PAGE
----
[Distutils] Current Python packaging status (from my point of view)

Chris Barker chris.barker at noaa.gov
Wed Nov 2 14:39:36 EDT 2016

On Wed, Nov 2, 2016 at 9:49 AM, Nick Coghlan <ncoghlan at gmail.com> wrote:

> No, as the post was about the fundamental and irreconcilable
> differences in capabilities, not the incidental ones that can be
> solved if folks choose (or are paid) to put in the necessary design
> and development time.

It's your post, but the external dependency is hardly an incidental issue.

> The post isn't written for beginners deciding which tool to use, it's
> written for intermediate folks that have already chosen one or the
> other for their own needs, and are wondering why the other still
> exists (or, worse, are telling people that have chosen the other tool
> for good reasons that they're wrong, and should switch).

again -- those reasons are very much about external dependency management!

- you need a system for specifying environmental *constraints* (like
> dynamically linked C libraries and command line applications you
> invoke)
> - you need a system for asking the host environment if it can satisfy
> those constraints

and it it can't -- you're then done -- that's actually the easy part (and
happens already and build or run time, yes?):

I try to build libgdal, it'll fail if I don't have that huge pile of
dependencies installed.

I try to run a wheel someone else built -- it'll also fail.

It'd be better if this could be hashed out a compilation or linking error,
sure, but that's not goign to do a whole lot except make the error messages
nicer :-)

> dnf/yum, apt, brew, conda, et al all *work around* the current lack of
> such a system by asking humans (aka "downstream package maintainers")
> to supply the additional information by hand in a platform specific
> format.

if conda is a "platform", then yes. but in that sense pip is a platform,

I'll beat this drum again -- if you want to extend pip to solve all (most)
of the problems conda solves, then you are re-inventing conda. If someone
doesn't like the conda design, and has better ideas, great, but only
re-invent the wheel if you really are going to make a better wheel.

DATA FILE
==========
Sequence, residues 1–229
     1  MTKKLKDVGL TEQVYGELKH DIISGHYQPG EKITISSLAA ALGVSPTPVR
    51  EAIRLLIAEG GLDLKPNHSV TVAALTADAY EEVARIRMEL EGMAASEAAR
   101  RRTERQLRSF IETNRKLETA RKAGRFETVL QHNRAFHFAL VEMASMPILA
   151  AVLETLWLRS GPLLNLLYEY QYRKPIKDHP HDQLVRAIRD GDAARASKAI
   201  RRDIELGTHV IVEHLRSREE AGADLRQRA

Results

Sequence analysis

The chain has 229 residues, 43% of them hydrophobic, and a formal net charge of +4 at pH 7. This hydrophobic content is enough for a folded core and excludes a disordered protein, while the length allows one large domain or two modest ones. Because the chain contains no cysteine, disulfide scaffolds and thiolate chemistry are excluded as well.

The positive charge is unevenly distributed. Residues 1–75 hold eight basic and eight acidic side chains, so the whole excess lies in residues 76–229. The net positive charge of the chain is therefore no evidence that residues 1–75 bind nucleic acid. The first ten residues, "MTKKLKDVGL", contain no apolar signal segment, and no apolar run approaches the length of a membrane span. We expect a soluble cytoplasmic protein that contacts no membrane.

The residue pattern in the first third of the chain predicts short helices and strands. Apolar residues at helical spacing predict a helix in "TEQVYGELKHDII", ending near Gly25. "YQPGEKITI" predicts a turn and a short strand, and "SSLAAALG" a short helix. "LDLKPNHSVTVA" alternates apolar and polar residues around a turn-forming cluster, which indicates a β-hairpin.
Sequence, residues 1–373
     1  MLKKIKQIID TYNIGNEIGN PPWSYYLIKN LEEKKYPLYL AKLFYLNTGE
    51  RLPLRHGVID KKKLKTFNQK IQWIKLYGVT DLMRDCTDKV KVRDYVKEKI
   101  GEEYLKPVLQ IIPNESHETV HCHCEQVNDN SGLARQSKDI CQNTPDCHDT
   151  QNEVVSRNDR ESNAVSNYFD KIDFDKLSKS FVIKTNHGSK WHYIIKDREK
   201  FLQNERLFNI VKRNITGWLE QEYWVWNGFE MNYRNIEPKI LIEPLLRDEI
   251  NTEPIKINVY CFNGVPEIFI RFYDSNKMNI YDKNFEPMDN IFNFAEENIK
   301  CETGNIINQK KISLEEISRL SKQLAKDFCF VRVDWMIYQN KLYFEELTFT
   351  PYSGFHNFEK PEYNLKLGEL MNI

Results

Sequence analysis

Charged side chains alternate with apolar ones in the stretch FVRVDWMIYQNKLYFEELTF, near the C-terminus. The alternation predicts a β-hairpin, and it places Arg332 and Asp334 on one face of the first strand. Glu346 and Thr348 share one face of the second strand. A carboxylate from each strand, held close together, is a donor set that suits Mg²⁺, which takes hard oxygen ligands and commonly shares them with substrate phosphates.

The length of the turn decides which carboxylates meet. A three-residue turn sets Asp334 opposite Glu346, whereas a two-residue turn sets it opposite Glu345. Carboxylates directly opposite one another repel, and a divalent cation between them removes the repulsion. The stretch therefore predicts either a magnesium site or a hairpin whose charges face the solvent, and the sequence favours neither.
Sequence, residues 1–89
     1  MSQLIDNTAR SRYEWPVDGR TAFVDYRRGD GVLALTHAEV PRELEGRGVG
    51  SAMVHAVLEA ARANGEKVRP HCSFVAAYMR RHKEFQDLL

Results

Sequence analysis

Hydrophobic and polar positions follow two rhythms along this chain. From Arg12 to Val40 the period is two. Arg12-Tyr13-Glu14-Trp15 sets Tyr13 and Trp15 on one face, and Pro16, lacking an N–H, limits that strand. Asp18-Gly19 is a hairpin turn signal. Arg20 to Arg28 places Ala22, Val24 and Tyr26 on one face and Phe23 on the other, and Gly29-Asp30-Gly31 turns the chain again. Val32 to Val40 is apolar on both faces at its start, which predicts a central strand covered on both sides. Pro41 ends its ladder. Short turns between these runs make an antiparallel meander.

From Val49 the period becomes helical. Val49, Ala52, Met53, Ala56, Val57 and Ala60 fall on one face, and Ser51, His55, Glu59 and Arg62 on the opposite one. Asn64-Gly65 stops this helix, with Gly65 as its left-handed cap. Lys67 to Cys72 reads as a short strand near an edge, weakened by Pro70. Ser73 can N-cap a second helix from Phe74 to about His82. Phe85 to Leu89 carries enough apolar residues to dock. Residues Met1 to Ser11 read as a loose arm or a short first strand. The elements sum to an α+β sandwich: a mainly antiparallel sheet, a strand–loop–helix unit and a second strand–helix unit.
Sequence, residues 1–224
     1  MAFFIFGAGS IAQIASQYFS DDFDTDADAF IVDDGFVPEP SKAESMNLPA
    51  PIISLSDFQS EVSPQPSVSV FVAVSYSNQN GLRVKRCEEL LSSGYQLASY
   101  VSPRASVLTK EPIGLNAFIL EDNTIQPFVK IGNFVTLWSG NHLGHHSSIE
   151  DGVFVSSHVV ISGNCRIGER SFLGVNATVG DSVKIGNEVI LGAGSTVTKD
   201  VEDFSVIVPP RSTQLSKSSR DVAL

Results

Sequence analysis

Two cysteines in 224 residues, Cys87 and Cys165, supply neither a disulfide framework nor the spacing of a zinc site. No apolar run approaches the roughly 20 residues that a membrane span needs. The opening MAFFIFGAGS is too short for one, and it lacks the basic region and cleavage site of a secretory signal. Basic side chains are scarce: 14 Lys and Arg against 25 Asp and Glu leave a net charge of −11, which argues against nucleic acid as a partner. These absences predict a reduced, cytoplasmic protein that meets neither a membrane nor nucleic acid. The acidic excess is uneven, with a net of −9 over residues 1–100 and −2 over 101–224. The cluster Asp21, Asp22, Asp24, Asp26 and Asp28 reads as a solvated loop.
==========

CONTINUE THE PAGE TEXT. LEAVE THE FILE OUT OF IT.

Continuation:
However, I haven't thought about it carefully -- maybe it would be possible
to have a system than managed everything except python itself. But that
would be difficult, and I don't see the point, except to satisfy brain dead
IT security folks :-)

> > But the different audiences aren't "data science folks" vs "web
> developers"
> > -- the different audiences are determined by deployment needs, not
> domain.
> Deployment needs are strongly correlated with domain though, and
> there's a world of difference between the way folks do exploratory
> data analysis and the way production apps are managed in
> Heroku/OpenShift/Cloud Foundry/Lambda/etc.

sigh. not everyone that uses the complex scipy stack is doing "exploratory
data analysis" -- a lot of us are building production software, much of it
behind web services...

and that's what I mean by deployment needs.

 However, if you're specifically interested in web service
> development, then swapping in your own Python runtime rather than just
> using a PaaS provided one is really much lower level than most
> beginners are going to want to be worrying about these days - getting
> opinionated about that kind of thing comes later (if it happens at
> all).

it's not a matter of opinion, but needs -- if this "beginner" is doing
stuff only with pure-python packages, then great -- there are many easy
options. But if they need some other stuff - maybe this beginner needs to
work with scientific data sets.. then they're dead in the water with a
Platform that doesn't support what they need.



Christopher Barker, Ph.D.

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Chris.Barker at noaa.gov
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